Yes. The HPV vaccine protects against the two types of HPV (16 and 18) that cause 70% of cervical cancer. The vaccine does not protect against all HPV types that can cause cervical cancer, so it is important to have cervical screening when you are invited.
No your husband/partner does not need to be tested. HPV is very common, and we do not know how long you may have had it. Your partner is also likely to have had HPV, and they may still have it, or their body may have dealt with it.
It usually causes no symptoms and we do not test for it in men. If you are in a same-sex relationship, then we would always advise that your partner/wife attend for cervical screening (a smear test) when they are due
HPV can lie dormant (sleeping) in our bodies for many years and may never cause any cell changes. If it is found on a cervical screening test, we cannot say how long it has been there. Some people may never get rid of it.
We know that suddenly finding out you have HPV now can cause some people to worry about their partners. It is important to know that the virus can stay for many years and never cause any problems for either partner.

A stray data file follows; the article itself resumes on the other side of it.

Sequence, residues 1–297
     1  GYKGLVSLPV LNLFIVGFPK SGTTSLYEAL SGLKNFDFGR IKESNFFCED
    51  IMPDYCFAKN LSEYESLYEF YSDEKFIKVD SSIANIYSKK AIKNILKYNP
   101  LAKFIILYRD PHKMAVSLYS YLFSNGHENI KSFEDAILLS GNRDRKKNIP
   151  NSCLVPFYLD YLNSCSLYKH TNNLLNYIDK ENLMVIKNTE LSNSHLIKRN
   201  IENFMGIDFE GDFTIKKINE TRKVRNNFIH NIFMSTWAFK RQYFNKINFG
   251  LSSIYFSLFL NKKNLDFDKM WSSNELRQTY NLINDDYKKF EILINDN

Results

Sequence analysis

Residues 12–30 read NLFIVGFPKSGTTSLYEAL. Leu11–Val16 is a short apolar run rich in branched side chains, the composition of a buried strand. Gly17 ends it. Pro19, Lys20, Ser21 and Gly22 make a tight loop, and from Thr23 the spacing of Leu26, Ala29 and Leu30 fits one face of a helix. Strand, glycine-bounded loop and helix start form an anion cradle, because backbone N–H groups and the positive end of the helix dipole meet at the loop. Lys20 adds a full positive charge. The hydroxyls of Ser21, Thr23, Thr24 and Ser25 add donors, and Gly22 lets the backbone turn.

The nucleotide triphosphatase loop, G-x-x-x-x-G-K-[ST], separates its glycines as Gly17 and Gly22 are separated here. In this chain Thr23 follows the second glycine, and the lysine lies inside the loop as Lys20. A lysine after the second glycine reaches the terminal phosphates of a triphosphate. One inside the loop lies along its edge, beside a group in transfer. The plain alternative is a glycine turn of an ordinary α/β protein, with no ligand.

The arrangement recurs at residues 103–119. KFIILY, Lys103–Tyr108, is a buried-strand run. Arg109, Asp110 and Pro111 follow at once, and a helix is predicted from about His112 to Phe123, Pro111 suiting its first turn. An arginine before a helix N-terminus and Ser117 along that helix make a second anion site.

The virus might cause cell changes many years later. This is why it is important to keep going for screening when you are invited, even if your tests have always been normal.
Yes, you can still have sex and you do not need to start using condoms if you have not used them before.
If you are in a new relationship then it is always important to think about using condoms and getting a sexual health check, as there are other infections which can cause problems.
HPV usually passes from person to person through sexual contact. There is a very small chance of passing HPV onto a baby during childbirth, but this seems to be rare.
If you have already come into contact with the HPV types that are in the vaccine it may not give you any more protection against another infection. However, we do not know exactly what type of HPV you may have now, or have had in the past. This means that the vaccine might offer some benefit to some people.
It is a very safe vaccine. It is offered to girls and boys aged 12-13, men who have sex with men and some transgender people.
If you did want to have the vaccine, this means you would need to pay for it. Some GPs and pharmacists will offer this service.
If you are under 25 and did not have the vaccine when you were younger, you can have it for no charge with your GP.
Your child will be offered the vaccine in School year 8. They do not need to have it before then.
The vaccine is very safe, so it is important to have it if it is offered.